Think about what will make your audience sit up and take notice. If you are not able to wield direct power, how will you get to them?
Who has a stake in the outcome? The most effective strategy for getting something done, that you can’t do yourself, is to make the other party want it as much as you do. Once your problem is theirs too, you may find them willing to help.
When you have identified who is involved, think about their situation. If there is more than one, are they united, or do they have different objectives? Can you play one against the other? Remember, the enemy of your enemy is your friend. Find out who could be adversely affected by a decision. It might not be immediately obvious.
Where are they vulnerable?
If you want to change somebody’s mind, you need to know their pressure points. Their weak spots. If you don’t know, you can indulge their vanities, flatter them. While on one level we all know what’s happening when we’re being sold something, we still have an innate human desire to be seen, to be understood. Use this.
Pick your battles
How often would you make an appeal like this? Think about how badly you need it and keep your powder dry for these times. When I worked in grassroots advocacy, I’d have several tiers of appeal. First up was the killer approach. This was for a case that had our strongest support. I would write a personal, tailored submission that went to the heart.
But if I had pulled this on every one of my caseload, nothing I wrote would have been taken seriously.
Then there was the ‘individual but muted’ appeal which made the case without significant investment. Finally, cases that were less plausible or less serious received a more formulaic approach. Using language to signal your commitment gets the best result when you know your reader, but it is useful to manage workload in any high-volume environment. Set your own tiers and codes to escalate urgency.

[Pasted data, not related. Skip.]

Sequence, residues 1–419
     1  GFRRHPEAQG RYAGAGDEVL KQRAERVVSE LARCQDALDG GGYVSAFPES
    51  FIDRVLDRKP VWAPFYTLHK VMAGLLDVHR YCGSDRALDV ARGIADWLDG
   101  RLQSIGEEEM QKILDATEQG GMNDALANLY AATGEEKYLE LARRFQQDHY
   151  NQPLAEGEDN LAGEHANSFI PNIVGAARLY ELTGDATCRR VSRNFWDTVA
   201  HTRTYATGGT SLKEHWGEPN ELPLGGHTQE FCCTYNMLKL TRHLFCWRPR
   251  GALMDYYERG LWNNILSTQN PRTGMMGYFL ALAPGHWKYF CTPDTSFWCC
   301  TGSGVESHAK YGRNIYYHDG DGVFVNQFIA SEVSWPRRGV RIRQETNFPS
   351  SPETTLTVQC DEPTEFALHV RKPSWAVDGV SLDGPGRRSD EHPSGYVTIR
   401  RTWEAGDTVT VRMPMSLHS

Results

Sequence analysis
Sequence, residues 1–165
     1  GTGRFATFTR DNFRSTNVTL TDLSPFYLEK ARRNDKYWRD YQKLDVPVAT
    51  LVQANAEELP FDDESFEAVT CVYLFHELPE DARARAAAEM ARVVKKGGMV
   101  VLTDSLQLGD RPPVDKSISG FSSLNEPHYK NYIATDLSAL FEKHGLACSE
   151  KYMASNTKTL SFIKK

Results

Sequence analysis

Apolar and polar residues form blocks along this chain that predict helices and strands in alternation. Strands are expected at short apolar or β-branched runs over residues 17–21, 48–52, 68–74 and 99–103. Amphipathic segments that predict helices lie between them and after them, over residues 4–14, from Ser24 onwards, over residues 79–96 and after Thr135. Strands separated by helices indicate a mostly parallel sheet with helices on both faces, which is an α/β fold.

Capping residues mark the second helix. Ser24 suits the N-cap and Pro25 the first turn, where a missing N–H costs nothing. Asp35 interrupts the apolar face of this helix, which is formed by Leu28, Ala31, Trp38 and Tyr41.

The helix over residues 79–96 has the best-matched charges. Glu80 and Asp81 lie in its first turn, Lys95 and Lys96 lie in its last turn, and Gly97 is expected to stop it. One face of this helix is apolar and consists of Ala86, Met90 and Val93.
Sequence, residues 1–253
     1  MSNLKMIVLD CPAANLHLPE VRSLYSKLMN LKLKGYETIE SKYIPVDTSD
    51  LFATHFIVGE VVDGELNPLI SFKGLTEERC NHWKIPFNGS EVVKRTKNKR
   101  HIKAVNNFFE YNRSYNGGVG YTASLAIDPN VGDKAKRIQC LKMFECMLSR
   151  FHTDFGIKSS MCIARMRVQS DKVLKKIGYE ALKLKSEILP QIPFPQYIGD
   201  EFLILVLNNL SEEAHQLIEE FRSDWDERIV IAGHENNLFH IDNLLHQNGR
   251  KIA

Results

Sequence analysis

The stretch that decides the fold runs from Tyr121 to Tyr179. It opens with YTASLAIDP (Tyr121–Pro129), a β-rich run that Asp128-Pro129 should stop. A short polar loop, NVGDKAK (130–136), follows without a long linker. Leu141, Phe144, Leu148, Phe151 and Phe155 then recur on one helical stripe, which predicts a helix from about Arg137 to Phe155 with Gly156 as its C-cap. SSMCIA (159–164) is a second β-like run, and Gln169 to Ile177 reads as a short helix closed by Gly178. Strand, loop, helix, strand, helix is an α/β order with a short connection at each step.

Your appeal will be stronger if you can follow up. What are the possible outcomes and how can you plan for them? How will your reader interpret your approach? Do they know what your next steps are too? Be one step ahead.
#4 Structure and tone
How you put your pitch together is crucial.
You need to get the structure and the language right if you want to turn your reader’s head and keep them looking. Don’t blow your opportunity for a result with poor construction.
Start strongly. You need to make an impression from the beginning. Imagine you have only 30 seconds of their time before they put your appeal aside. Maybe they’ll pick it up later, but maybe they won’t. Don’t take that risk.
Using what you know of your reader, think what would work best as an opener. A fact? A personal anecdote? A direct appeal? If you know what they are used to seeing, perhaps try something different. You want it to register.
Choosing and placing words
Keep your language as simple as possible. It does not talk down to your audience. Remember, you want this to be read, to be understood and to generate a response. If your subject is technically difficult, instead of tricking up language with jargon or density, give it space to let the reader reflect. The more complex the topic, the plainer the language needs to be.
Use a mix of short and long sentences. This allows the reader to absorb detail without being overwhelmed. A full stop is a chance to rest. The sentences should follow each other, linking logically. Similarly, paragraphs—look at the final sentence of each paragraph and make sure it links to the first sentence of the next. Keep paragraphs short and be sure to only introduce one concept or cluster of ideas in each.
Let your reader see what lies ahead. Helping them to link the elements together draws them inescapably to the conclusion, your conclusion. Build your momentum. Repeating a phrase or term is a good way to do this. You want your reader to think ‘Yes,’ or ‘I see it,’ or ‘This makes sense,’ by the time they reach the end.
Keeping your reader onside means no surprises. You don’t want to trigger anxiety. And you are not writing a whodunit so leave your reader with closing words which recap your position.
Finally, keep it clean. Grammatical mistakes look careless. And you care. If you can’t be sure about getting this right, find a second opinion or a fresh set of eyes.